Today the people of Afghanistan are confronted by a fluid and uncertain situation and are in grave danger. While the flight from Kabul is a major strategic failure for the USA, it is testimony to the rest of us that the world has changed and an important indicator of the factors which will determine the immediate future.



The departure from Afghanistan and Biden’s position articulated in connection with this decision15 Remarks by President Biden on Afghanistan. The White House official site, 16 August 2021. Available at (accessed on 1 September 2021) showed that the USA finds it easy to cast aside moral principles and ethical considerations. It would now seem that there is no place for values in America’s foreign policy. Incidentally, this is indicative of the new concept of “real politics”. Biden is following in the footsteps of his predecessors Obama and Trump, signalling that America is sick and tired of foreign military conflicts, in particular in Central Asia and the Middle East.

This means at the very least that it is highly likely the USA will over the next ten years use its armed forces only in the event of a direct threat and de facto will not participate in maintaining so-called international security. The borders determining US national interests will be stringently delineated and narrowed significantly.

The Financial Times asks: “How sure can NATO allies be that, if it comes to the crunch with Vladimir Putin’s Russia, the White House will judge the defence of Europe’s borders a vital US interest?”16 Stephens P. Europe had better face facts about the Biden doctrine // Financial Times, 19 August 2021. Available at (accessed on 1 September 2021).

A number of people in the USA — possibly, even fairly — were perplexed as to why over two trillion dollars had been spent in Afghanistan and on what. At the same time, however, how does one calculate the cost to everyone, including America, if the USA forfeits its status as “global policeman” after the evacuation from Kabul?  For that matter, it is unclear how certain regions in the world will look now that the United States has decided to step back from the rest of the world.

The New York Times notes: “We have turned the corner into a world of unlit streets, more hospitable to predators than it is to prey. In this world, the temptation can only grow stronger for Putin to break the back of NATO by picking off a vulnerable member like Latvia. Ditto for China seizing Taiwan.” 17 Stephens B. Our “Broken Windows” World // The New York Times, 24 August 2021. Available at (accessed on1 September 2021).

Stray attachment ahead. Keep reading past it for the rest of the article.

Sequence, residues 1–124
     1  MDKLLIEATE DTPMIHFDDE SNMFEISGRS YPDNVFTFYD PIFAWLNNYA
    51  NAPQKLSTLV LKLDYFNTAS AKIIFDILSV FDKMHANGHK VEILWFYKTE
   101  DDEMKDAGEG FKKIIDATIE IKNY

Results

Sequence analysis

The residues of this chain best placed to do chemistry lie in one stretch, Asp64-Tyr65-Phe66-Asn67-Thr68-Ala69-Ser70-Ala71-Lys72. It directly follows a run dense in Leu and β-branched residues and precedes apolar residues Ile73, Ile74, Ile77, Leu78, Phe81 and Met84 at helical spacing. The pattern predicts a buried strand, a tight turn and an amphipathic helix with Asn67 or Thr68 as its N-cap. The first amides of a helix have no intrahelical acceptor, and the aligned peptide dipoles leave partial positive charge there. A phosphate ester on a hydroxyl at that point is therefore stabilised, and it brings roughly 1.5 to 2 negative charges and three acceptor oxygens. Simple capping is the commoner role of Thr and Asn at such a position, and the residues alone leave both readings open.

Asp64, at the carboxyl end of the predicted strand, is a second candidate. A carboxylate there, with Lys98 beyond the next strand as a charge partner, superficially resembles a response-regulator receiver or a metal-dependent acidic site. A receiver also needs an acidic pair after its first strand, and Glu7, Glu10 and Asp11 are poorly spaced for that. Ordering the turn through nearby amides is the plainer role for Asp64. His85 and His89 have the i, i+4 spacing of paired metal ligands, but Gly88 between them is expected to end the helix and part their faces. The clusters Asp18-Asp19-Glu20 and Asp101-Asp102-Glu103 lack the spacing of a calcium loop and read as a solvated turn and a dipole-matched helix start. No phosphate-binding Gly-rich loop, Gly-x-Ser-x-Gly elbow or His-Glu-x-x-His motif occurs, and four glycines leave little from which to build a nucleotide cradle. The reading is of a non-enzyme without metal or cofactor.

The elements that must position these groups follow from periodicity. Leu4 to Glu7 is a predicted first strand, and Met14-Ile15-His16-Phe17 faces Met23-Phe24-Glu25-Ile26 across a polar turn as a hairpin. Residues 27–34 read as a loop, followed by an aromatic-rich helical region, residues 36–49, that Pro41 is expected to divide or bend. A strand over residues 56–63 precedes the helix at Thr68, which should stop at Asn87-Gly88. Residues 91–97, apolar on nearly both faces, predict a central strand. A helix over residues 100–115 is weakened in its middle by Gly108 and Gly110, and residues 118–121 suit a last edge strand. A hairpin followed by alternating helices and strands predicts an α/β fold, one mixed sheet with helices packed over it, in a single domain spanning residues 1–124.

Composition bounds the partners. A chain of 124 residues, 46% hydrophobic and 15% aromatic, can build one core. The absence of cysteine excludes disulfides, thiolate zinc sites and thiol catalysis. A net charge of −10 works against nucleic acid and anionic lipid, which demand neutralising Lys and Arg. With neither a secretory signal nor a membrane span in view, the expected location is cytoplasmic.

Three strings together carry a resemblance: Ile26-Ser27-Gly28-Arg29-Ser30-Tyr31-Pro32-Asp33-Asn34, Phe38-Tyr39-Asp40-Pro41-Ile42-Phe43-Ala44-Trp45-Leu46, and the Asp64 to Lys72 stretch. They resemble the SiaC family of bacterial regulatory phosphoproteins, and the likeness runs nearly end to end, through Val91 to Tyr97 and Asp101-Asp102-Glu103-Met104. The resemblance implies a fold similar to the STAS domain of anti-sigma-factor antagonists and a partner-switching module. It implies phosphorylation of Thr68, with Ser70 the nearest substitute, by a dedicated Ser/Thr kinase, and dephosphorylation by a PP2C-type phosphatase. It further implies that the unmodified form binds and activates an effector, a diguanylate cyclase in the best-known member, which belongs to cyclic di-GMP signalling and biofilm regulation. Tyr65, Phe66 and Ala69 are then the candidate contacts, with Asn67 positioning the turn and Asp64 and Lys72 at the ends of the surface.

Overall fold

Consequently, we need to realise that in the future global autocrats, dictators and aggressors of differing hues will be free of the restraining influence of the USA. It is time to understand and acknowledge that the old order is rapidly receding into the past, and that relations both with allies and enemies will become far tougher in the era of political entropy and digital technologies. And the main conclusion from this new configuration is that from now on we can only count on ourselves.

It goes without saying that America and the world as whole have a different experience. This is also the decisive influence of the US on the post-war recovery of stars of the global economy — Japan and Western Europe — and the protection and key role it played in the  emergence of a successful South Korea.

U.S. Soldiers, assigned to the 82nd Airborne Division, prepare to board a U.S. Air Force C-17 Globemaster III aircraft to leave Hamid Karzai International Airport in Kabul, Afghanistan, August 30, 2021. // Reuters

Why then did it transpire in the 1950s-1960s, and since the mid-1970s that the United States gradually, with ups and downs, lost the role of a power bringing to the world, freedom, democracy and an effective economy? Possibly the answer here is that the period of success was a direct result of the institutionalisation of the values acquired through pain and struggle in World War II: the priority of human rights, respect for human dignity, freedom, democracy, the supremacy of law18 G. Yavlinsky. What Should Be Done? Institutionalisation of Values// Official website of Grigory Yavlinsky, 30 December 2020. Available at (accessed on 1 September 2021). In other words, the factors underpinning the foundation of the European Union.

Naturally, I am not saying that we need to turn back to some period in history. The key issue here is that it is becoming clear that there is an acute need for a strategic transformation in the consciousness of global elites (for the time being, they can still be called “global elites”). However, to do this, we need to find our place in modern history, understand the concept of time and determine real, and not contrived, development goals for the next decades. In other words — acquire the future.